Check out our video to see how Dynamic Switching works:
Why have three different devices when one killer accessory will do? It’s a brilliant concept. The PadFone Station has a 10 inch tablet that looks a lot like its cousin the Transformer, it just doesn’t have a processor! You dock your phone in to charge the tablet and all your content on the PadFone, shows up on the tablet. No second SIM card, no battery tethering necessary – it’s totally streamlined.
Great concept, but the weight of the PadFone, tablet and docking station combined is a little too much to be comfortable. The tablet itself is way heavier than most tablets on the market at 742g. In comparison, the Transformer Pad Prime weighs only 586g. The Station does come with a huge 6,600mAh battery built and is great for charging your phone. But once you add your phone to the tablet it tips the scales at 853g. I found my hands getting tired quickly and I kept looking for different ways to hold it.
If you’re looking for a lightweight couch surfing tablet, this one probably isn’t for you. But I have high hopes for the second generation.
PadFone Docking Station
If you’re really interested in a smartphone that turns into a netbook, then I’m back on board for you picking up the Station. With the phone and docking station combined, this is definitely a thicker heavier version of the Transformer. It’s more similar to the original Transformer then the Prime in terms of form. We’ve actually already tested the original docking station and it works, check out our detailed article here for more information on that.
But if you’re considering the PadFone because you want it to be a tablet too…well then you should save your money for a different device. The docking station is too thick and heavy to be useful as a tablet. It doesn’t fit easily into a purse or man-bag, but the next generation will be interesting if they can cut it down to size. The ecosystem needs work and there are only a hand-full of apps that take advantage of the dynamic duo. I recommend the phone itself, but I’m hesitant to recommend the Docking Station at this stage.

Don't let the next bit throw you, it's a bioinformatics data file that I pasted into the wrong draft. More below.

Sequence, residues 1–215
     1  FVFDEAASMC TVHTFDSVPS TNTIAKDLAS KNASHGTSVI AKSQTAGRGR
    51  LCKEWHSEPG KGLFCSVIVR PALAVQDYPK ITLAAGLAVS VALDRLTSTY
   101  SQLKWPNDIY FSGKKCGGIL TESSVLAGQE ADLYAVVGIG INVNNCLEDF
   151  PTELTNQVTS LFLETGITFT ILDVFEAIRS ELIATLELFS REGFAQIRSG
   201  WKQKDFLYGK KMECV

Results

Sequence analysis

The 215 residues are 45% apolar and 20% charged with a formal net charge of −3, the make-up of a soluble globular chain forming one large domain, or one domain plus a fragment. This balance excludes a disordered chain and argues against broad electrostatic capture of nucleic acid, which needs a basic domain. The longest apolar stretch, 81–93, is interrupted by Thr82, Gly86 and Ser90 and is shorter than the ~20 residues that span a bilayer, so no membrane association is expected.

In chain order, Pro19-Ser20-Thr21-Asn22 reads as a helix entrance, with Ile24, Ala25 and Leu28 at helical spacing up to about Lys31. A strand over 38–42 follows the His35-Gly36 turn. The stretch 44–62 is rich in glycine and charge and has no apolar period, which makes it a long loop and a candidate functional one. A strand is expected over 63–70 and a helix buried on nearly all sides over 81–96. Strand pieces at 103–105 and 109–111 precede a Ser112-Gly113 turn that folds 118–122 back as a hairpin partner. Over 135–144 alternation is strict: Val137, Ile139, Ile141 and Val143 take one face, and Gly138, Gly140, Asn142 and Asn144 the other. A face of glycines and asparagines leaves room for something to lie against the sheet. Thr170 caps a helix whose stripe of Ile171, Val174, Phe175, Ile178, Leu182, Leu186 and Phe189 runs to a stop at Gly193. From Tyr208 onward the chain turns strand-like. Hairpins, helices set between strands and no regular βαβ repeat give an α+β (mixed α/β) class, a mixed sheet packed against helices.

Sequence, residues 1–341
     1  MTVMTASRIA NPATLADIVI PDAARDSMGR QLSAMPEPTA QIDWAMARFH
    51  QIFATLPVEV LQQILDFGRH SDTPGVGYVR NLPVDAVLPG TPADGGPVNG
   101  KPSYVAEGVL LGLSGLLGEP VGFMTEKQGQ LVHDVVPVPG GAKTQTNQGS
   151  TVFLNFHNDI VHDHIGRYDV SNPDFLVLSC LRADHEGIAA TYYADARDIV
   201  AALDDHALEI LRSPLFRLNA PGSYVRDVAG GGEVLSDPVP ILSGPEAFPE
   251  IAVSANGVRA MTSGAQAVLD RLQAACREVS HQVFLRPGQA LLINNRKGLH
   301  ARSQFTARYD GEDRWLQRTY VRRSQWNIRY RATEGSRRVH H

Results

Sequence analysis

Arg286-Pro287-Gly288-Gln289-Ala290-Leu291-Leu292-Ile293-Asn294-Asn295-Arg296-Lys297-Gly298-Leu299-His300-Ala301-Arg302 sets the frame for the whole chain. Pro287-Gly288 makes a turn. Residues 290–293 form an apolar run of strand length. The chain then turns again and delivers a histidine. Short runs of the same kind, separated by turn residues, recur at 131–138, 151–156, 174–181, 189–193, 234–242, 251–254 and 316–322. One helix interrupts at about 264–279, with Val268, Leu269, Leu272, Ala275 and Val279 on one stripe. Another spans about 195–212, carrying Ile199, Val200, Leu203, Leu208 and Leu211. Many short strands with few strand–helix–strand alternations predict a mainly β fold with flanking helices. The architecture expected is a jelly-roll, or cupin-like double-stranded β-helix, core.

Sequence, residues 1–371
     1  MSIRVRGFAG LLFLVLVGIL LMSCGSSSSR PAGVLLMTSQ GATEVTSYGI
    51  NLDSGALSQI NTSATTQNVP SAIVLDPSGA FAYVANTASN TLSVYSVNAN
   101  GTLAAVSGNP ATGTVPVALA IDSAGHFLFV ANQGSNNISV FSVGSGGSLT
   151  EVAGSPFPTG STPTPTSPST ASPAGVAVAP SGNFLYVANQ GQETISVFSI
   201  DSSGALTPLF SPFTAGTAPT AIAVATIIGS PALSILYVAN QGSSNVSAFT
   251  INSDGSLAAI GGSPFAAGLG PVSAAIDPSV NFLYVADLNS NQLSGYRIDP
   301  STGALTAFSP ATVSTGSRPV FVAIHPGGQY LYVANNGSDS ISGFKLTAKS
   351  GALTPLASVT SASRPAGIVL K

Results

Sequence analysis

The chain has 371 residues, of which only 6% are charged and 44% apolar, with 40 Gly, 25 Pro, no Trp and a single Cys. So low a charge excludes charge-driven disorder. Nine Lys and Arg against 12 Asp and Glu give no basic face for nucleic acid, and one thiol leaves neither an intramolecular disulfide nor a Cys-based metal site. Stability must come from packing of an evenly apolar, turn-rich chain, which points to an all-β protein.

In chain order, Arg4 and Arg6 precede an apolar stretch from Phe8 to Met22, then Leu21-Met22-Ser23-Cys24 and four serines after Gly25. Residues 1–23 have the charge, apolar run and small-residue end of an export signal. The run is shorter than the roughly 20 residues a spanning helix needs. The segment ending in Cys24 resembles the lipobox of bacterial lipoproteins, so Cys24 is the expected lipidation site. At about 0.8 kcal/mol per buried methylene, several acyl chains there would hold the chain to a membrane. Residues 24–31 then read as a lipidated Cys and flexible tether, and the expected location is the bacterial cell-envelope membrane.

The ASUS Padfone is thin, light and powerful. It has all the features that make up a dream smartphone, but like any phone, it’s not perfect. There is too much branding on the phone. One branding would have sufficed. We find the concept fascinating, but we think it needs to slim down a lot before it becomes practical. On paper, the camera should be one of the best on the market, but its performance is lackluster. It will do, but you won’t be leaving your point and shoot at home.
We do love the performance. The pure form of Android 4.0 with useful software additions is great and the display is gorgeous. Those are actually three really important things, so I’m going to say them again, the Ice Cream Sandwich version is fantastic, it runs as smooth as butter and the display is viewable in full direct sunlight.
The 4.3 inch size will appeal to a wider demographic of users than the larger phones that seem to be flooding the market. It has an elegant design, but the build is robust and to top it off, it has a gorilla glass display. The phone does heat up, but so do all others with amped up processors.
At the end of the day, we recommend the phone, but we think you can pass on the Station & Dock. ASUS will do better in the next generation.
If you haven’t had enough, here is our unboxing video!